Today we chat to Ed Tucker, CIO of DP Governance. He explains why AI is overrated, why a customer centric back to basics approach is important and reveals who in cybersecurity he admires the most. He also told us that in a film of his life he would need to have someone tall and with a big nose to play him.
Why did you become an CIO?
The natural next challenge I suppose. My interests have always been beyond security. I think to be effective in security you have to have a broader spectrum of knowledge than just purist security. Of course, security, and the CIO roles are not just technology either. Humans, processes, inter-relationships and dependencies, business outcomes and a little bit of technology on the way. In every role I’ve done I’ve wanted to see the fruits of my labours, good, bad and indifferent. I’m not the type to set direction and then scarper before reality of it hits home. You have to see things through and recognise the impact you’ve had and how effective it was. If you don’t then how do you ever learn? I’m not one for chasing buzzwords either, so I might be a bit of an odd CIO in those two respects.
When did your interest in cyber security begin?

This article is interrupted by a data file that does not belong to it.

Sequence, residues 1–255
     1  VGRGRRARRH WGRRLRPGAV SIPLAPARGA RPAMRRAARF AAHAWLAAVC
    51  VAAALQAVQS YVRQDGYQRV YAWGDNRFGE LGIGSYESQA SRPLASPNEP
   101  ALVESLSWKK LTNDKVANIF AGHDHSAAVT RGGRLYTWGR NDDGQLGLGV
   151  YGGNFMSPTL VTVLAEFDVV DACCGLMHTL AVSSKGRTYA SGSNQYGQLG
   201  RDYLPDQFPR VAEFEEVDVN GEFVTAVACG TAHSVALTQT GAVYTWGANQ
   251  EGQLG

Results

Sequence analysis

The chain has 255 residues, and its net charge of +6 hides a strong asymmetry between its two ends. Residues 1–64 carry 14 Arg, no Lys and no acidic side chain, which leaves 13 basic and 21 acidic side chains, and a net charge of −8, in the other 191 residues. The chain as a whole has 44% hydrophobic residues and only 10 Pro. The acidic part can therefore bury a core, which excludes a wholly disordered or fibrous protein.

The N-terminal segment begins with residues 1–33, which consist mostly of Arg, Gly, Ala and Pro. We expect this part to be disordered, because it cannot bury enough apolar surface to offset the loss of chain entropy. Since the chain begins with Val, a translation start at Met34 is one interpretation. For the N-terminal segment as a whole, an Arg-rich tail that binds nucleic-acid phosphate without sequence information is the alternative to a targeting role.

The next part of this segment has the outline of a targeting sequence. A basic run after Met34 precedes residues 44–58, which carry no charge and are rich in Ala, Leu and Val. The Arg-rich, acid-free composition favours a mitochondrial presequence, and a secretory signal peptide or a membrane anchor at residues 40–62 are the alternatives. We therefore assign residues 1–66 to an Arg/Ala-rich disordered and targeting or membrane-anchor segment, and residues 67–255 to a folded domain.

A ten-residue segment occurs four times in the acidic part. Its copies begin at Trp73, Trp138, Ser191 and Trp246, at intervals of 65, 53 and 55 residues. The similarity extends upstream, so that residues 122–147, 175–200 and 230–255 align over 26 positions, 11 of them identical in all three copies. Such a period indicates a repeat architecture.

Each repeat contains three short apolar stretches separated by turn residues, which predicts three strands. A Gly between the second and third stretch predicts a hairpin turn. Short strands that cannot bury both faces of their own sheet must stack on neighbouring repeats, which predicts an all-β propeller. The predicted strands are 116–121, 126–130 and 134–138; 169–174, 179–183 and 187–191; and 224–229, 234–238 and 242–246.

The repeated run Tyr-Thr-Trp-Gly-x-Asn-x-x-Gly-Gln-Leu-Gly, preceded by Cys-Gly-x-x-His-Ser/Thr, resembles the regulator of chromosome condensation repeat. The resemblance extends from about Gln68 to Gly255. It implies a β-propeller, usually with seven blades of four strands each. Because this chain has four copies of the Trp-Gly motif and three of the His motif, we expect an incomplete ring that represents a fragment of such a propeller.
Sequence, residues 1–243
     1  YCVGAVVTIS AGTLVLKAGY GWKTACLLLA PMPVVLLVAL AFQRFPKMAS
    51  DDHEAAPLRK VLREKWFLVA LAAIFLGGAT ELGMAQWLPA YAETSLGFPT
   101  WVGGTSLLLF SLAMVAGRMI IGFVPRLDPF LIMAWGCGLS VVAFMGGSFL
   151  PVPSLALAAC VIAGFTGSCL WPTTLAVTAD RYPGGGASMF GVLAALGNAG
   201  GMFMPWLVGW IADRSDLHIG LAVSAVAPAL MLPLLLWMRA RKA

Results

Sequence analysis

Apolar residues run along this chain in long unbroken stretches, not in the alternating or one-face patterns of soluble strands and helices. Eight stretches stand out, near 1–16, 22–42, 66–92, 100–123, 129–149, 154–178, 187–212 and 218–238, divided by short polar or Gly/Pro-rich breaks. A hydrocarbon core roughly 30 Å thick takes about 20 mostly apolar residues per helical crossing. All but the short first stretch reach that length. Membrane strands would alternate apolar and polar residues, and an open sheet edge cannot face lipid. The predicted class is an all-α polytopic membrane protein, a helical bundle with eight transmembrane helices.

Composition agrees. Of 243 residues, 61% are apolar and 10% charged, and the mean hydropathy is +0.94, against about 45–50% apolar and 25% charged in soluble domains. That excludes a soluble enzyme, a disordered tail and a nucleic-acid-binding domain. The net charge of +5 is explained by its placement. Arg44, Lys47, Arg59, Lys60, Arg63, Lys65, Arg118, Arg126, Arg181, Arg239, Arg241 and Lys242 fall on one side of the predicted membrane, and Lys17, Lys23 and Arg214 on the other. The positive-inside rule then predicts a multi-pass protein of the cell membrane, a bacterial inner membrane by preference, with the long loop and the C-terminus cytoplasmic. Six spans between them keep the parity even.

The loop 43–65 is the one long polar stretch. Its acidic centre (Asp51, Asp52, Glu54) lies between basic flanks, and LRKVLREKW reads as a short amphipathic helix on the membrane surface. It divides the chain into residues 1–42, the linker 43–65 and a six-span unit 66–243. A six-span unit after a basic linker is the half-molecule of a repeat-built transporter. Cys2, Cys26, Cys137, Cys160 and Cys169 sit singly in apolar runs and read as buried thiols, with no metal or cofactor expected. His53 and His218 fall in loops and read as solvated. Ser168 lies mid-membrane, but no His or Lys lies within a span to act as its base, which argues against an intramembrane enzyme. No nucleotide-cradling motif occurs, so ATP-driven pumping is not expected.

Crikey! Years and years ago. I’ve always been interested in how things work and also how it is possible to make them work to your advantage, both good and bad. How to bend things in your favour. The natural synergies into how adversaries work just interested me even more. It is a really interesting area if you’re a bit of a nosey parker, which I am. From there I just studied, read and asked bucket loads of questions of people I found along the way. I still do to be fair. You soon begin to realise that there aren’t that many people in security who really know what they’re doing or how to be effective in doing it.
Within your organisation, what is the most significant digital achievement of the past 12 months?
In the new one probably actually getting off the ground and getting base software and functionality embedded with our core methodology. Prior to that in the old role I’d say reducing phishing emails by half a billion through the implementation of DMARC. That was quite good if you ask me. Though the other side of the same piece of work was improving email delivery rates from 18% to 98%. Ooh security as an enabler! Who would have thought it! Mind I would say that as I did it.